An interstitial sequence involving apple picking and the dangers of doing so near a drunken German redneck who is listening to military-style music and trying to kill innocent birds plays out. (Here's a hint. It doesn't end too well for our intrepid apple picker.) The J.S.A. are called on an unrelated case, this time involving removing a long decomposed body out of a pond. (One of Robert's teammates remarks, “Picked a good day to go swimming!”) Everyone goes home and Robert's boss tells him to take over the wheel, leaving him alone with the husked out, waterlogged corpse. Faster than you can throw on Alice Cooper's “Cold Ethyl,” Robert brings the body home, to a very delighted Bettie. It has been said that necessity is the mother of all invention and as Robert saws off part of a pipe, the truth of this old saying has never been brighter. Attaching the metal form of a luscious apparatus to their new “friend,” Bettie makes sure to sheath it with a condom before one of the strangest menage-a-trois' ever to be committed to film occurs. It is, despite all of its tawdry eyeball licking and rot-goo glory, strangely arty and as tasteful as a three-way with a drowned corpse is going to be. Also, I absolutely dare you not to get what I am going to call “Love Theme from Nekromantik” out of your head. It's a strangely sweet tune that is more befitting of a chaste lovers holding hands in a field than rubbing your naughty bits up on a putrefied body.
The afterglow is nice but things soon deteriorate when Robert loses his job and Bettie, worried about where they will find the next one, ends up leaving him. Everyone has a breaking point and for Robert, Bettie's terse departure is it. His path of self-destruction leads him from drinking to killing a cat (in a mercifully faked scene) and inevitably, murder. There's also a hilarious dream sequence involving a lovely maiden in white and playing a game of hot potato with a severed head. All of this leads him to one fluid and anguished climax, which I dare not spoil here. You just really need to see this for yourself, not to mention the sweet little twist ending.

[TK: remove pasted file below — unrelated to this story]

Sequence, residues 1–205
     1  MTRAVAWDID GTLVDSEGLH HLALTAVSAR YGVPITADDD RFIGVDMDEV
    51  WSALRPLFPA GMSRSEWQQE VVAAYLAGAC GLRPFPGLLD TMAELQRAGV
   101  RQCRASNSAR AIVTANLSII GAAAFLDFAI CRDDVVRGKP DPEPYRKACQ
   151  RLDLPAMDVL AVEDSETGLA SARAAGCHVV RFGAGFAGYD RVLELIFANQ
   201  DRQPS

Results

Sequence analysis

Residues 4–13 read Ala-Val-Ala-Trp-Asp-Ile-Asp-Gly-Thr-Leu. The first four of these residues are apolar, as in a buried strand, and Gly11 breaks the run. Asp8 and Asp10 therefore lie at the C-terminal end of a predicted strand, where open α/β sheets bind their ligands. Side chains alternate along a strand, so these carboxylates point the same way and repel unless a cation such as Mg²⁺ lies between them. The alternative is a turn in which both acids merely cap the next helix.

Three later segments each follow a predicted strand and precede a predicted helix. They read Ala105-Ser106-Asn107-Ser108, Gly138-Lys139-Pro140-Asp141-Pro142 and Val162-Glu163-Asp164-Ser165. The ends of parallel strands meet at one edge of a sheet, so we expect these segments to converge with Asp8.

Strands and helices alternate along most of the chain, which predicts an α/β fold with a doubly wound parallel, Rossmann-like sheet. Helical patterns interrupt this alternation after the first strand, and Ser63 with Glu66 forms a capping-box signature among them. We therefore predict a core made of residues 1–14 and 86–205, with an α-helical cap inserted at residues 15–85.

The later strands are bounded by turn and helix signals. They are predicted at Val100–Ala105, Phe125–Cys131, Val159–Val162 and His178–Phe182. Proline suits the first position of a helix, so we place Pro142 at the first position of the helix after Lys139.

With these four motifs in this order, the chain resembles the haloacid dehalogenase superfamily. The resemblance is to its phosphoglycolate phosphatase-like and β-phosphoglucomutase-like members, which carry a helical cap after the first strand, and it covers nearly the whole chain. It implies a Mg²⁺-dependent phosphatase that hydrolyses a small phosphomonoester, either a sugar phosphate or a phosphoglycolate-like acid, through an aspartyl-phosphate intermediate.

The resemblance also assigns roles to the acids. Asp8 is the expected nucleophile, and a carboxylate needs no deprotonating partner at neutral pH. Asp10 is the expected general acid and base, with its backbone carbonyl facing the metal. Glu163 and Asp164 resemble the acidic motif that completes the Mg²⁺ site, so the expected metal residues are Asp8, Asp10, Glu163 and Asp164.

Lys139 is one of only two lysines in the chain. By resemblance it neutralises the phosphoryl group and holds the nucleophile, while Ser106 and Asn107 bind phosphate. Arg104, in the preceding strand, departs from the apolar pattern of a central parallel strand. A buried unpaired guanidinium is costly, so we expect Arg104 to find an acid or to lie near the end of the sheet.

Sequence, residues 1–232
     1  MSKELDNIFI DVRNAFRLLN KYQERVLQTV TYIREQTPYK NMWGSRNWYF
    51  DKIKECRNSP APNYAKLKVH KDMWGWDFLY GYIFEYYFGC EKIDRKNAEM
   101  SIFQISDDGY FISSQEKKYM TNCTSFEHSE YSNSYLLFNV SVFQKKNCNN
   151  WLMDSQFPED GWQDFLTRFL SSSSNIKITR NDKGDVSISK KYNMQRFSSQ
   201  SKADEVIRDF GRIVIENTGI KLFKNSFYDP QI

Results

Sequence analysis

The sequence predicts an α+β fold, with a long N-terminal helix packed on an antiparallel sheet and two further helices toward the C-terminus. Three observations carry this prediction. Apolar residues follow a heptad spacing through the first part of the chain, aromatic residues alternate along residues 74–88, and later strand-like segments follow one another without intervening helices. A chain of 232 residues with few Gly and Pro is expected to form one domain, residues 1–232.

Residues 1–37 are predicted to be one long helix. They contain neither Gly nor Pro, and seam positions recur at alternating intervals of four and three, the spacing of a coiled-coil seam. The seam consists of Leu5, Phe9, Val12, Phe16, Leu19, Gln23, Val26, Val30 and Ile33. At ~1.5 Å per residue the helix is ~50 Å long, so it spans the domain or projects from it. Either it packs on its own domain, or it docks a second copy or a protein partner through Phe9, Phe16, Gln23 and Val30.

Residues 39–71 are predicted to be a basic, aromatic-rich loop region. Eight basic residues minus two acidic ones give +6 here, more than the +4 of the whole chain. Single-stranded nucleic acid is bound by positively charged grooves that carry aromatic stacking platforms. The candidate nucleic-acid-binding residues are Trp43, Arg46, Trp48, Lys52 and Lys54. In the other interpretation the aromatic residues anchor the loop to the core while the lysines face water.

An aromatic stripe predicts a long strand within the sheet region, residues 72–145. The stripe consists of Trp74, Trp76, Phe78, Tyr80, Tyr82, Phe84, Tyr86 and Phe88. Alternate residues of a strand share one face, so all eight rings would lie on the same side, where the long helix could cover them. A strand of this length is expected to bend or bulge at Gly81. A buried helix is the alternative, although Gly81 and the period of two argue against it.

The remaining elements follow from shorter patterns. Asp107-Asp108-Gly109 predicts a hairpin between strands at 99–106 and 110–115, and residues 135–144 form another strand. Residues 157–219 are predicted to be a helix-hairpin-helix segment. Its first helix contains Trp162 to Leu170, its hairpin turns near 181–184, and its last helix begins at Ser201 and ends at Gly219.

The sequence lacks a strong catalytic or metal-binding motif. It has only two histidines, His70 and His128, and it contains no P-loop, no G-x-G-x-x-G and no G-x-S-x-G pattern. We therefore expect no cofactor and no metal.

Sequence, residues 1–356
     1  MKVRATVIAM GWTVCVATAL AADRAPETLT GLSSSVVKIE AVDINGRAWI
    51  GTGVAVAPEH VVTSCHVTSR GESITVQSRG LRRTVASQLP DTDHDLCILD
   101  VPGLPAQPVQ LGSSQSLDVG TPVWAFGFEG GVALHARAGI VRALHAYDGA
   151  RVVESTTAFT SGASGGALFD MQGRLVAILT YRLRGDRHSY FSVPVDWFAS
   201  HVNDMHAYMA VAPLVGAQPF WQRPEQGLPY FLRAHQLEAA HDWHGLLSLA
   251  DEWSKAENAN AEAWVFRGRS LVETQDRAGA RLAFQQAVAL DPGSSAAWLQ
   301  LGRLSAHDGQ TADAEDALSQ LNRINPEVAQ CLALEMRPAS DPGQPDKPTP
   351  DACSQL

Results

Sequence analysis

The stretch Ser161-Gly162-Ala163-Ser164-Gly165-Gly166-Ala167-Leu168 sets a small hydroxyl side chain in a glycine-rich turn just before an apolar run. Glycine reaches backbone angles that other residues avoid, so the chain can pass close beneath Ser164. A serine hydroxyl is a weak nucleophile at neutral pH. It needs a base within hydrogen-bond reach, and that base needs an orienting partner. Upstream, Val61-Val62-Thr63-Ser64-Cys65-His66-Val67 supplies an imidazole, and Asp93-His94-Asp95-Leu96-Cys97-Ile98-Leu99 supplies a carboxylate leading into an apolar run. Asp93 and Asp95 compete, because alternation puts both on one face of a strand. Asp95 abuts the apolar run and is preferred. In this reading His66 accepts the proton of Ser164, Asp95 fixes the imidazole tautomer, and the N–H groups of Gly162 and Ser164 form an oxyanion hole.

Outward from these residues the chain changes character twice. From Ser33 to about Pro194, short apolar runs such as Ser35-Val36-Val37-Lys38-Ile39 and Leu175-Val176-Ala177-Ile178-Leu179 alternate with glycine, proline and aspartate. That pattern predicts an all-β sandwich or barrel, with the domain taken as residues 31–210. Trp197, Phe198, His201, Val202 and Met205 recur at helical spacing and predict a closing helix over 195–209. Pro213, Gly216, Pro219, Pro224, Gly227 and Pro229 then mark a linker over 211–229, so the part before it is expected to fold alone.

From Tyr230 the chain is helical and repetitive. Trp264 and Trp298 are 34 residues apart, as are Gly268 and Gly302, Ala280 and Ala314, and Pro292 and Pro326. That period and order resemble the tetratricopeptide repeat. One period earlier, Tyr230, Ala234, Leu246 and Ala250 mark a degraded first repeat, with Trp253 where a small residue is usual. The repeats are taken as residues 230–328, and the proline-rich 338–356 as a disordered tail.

For being only 75 minutes, NEKROMANTIK packs a lot into its fairly short running time. Having first read about it back when I was in junior high and managed to find an issue of the long defunct magazine, Film Threat Video, I thought I knew what kind of ride I would be in for. The associated still, a shot of Beatrice M. cuddling up to her long dead amour, flanked by a picture of Charles Manson on the wall, backed my assumption up. But NEKROMANTIK is more than just an extreme tale of the love that is hopefully outlawed in your home country. Sure, it has plenty of inventive uses of gore, ooze, goo and outre imagery to horrify your family and delight your more hardy friends. But if NEKROMANTIK was simply just another gross-out gore film, it would not have the level of notoriety that it does today.